Choose a photo from your computer o drag here. Recommended size 500px x 500px

Edit Channel

Upload the image of your podcastRecommended size 500px por 500px.

nutriNews international

Channel nutriNews international

Seguir Follow

Seaweed use in animal nutrition

Seaweed or marine algae belong to a large group of autotrophic organisms. They can be unicellular (microalgae or phytoplankton) or multicellular (macroalgae) with sizes ranging from 0.2-2.0 microns up to 60 m, respectively. Their reproduction occurs through simple division and due to the simplicity of their structure, they tend to grow faster than any other plant. Therefore, they are characterized as the most productive plants on the planet (Marsall, 2007):
  • Compared to traditional oilseeds, algae can produce five times more biomass per hectare.
There are about 320,500 species of algae.The amount of cultivated or native macroalgae used in industry during recent years rounds up to nearly 7.5-8 million tons per year (Becker, 2007).   Nutritional composition of algae The nutritional value of algae depends on their size, digestibility, presence of toxic substances and chemical composition (Becker, 1994). Algae are a remarkable source of protein, with a content of 10-15% in macro-algae (Oliveira et al., 2009) and 28-71% in microalgae. In addition, the content of certain amino acids such as lysine, methionine, tryptophan, threonine, valine, histidine and isoleucine is comparable to that of eggs or soybean seeds. [register]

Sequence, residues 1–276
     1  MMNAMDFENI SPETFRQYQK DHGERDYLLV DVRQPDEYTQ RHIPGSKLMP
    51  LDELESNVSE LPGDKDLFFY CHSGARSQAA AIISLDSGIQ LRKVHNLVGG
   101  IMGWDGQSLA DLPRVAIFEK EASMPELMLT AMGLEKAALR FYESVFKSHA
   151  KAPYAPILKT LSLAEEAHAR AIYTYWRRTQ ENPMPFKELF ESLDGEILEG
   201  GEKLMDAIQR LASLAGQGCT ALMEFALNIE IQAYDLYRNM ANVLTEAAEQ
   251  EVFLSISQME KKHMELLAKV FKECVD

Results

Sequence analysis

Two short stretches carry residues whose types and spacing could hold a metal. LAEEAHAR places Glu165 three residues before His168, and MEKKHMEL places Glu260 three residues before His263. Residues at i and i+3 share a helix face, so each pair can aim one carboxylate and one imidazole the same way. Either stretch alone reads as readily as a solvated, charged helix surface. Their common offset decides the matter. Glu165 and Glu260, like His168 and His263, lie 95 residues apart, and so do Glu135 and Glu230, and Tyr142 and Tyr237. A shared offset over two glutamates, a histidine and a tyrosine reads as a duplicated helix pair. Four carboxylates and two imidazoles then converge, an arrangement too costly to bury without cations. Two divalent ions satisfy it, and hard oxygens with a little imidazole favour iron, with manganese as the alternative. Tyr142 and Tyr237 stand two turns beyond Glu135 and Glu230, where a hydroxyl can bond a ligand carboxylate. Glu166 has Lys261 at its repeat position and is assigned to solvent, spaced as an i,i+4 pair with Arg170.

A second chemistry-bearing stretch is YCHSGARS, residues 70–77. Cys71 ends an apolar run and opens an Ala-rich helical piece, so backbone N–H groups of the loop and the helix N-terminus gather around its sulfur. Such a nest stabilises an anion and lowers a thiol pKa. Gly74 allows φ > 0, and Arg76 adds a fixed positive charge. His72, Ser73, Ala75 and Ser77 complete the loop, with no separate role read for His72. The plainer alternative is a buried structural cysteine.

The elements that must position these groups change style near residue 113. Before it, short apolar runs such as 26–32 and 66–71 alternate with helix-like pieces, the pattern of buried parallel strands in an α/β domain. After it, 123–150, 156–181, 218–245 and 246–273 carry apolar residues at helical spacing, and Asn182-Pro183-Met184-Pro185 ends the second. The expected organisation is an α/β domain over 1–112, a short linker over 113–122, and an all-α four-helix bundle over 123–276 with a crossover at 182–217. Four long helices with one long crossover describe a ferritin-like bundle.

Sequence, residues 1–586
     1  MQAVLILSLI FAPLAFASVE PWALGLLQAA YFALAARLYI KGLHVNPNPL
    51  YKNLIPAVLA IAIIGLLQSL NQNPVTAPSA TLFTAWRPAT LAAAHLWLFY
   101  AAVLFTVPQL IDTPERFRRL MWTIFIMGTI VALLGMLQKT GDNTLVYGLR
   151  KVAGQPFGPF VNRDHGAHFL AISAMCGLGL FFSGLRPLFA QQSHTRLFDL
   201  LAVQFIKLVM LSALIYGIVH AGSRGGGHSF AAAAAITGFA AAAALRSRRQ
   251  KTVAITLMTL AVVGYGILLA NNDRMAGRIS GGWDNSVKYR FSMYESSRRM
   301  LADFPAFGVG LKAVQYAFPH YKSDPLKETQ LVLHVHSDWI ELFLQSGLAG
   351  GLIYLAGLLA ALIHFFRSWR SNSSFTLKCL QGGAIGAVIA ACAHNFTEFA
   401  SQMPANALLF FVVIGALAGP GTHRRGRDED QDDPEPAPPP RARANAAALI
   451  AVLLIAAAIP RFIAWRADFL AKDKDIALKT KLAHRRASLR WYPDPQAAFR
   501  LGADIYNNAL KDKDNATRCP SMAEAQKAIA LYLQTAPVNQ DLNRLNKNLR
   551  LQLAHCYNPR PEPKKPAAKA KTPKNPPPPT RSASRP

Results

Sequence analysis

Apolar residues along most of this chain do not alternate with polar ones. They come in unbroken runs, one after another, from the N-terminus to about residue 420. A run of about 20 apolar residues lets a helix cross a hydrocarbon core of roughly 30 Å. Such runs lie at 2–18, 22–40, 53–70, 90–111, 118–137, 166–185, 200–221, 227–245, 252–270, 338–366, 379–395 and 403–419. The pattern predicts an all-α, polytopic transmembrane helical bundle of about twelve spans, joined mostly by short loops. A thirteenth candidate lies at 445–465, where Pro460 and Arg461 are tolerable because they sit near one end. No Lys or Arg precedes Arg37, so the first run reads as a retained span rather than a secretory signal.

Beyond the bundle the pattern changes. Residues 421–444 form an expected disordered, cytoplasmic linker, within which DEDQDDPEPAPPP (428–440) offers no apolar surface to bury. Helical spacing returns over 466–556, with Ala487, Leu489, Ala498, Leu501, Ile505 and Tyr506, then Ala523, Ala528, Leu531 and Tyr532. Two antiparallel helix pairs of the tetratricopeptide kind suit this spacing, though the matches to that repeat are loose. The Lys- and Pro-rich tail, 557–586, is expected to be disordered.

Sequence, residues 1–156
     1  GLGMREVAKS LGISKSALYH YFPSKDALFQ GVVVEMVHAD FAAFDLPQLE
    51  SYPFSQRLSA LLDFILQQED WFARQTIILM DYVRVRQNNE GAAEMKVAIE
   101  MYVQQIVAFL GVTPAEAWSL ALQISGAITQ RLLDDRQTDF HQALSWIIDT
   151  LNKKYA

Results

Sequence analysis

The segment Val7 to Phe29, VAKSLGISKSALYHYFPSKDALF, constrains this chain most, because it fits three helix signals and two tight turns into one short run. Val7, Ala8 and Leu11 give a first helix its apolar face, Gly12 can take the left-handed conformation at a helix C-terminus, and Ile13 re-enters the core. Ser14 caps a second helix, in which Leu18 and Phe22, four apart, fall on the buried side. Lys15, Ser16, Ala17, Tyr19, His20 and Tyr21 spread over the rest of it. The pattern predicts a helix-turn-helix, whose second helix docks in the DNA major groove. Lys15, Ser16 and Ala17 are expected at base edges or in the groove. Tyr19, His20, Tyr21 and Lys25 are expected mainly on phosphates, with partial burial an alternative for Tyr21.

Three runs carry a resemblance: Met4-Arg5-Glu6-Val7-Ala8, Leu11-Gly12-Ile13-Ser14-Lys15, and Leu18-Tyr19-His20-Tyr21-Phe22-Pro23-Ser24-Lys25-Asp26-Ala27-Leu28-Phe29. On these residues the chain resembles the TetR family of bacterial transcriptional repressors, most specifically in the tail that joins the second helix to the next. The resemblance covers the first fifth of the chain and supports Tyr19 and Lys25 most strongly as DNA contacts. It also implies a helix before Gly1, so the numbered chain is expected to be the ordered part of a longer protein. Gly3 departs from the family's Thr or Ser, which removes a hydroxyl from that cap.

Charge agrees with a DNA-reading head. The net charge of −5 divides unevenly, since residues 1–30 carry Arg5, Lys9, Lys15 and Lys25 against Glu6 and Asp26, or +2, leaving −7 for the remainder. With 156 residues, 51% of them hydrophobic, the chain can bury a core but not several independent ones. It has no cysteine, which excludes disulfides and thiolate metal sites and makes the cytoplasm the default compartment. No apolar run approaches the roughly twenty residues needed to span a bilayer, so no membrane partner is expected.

• Protein digestibility may vary depending on: algae species, time of year and the presence of phenols or polysaccharides, as well as the animal species to which they are administered (Goni et al., 2002).
Fleurence (1999) observed that the protein content in algae was highest at the end of the winter months and lowest during the summer months. Fat content in seaweed ranges from 1-40% (Borowitzka, 1988),and fatty acids can be saturated or unsaturated. Particularly, spirulina algae contain 20-30% linolenic acid, while Porphrìdium cruentum known as red algae, is one of the richest sources of arachidonic acid. Containing close to 36% of total fats at 25°C, while at 16°C it increases to 60%.
  • Many species of algae can produce oils that are similar in structure to those of vegetables. For example those obtained from soybeans.
Different species of algae are very good sources of cellulose, with contents of up to 35-50 g/100 g in dry matter (Lahaye, 1991).   Their mineral content is sufficiently high (13-25%) compared to other plant organisms (5-10% – USDA 2001). Their contents of both macronutrients (Na, K, Ca, Mg) and trace elements (Fe, Zn, Mn, Cu) are high. Ranging from 8-17g/100g of algae and 5.1-15.2 mg/100g of algae, respectively.
  • In addition, algae contain remarkable amounts of iodine (0.1-1.1%).
Moreover, the various species of algae(seaweed) make up a valuable source of almost all important vitamins, such as tocopherols, ascorbic acid, B1; B2, B6, B12, nicotinic acid, provitamin A, etc. Read full article here

Related with Animal Nutrition


Share this podcast

Facebook Twitter LinkedIn Email
My account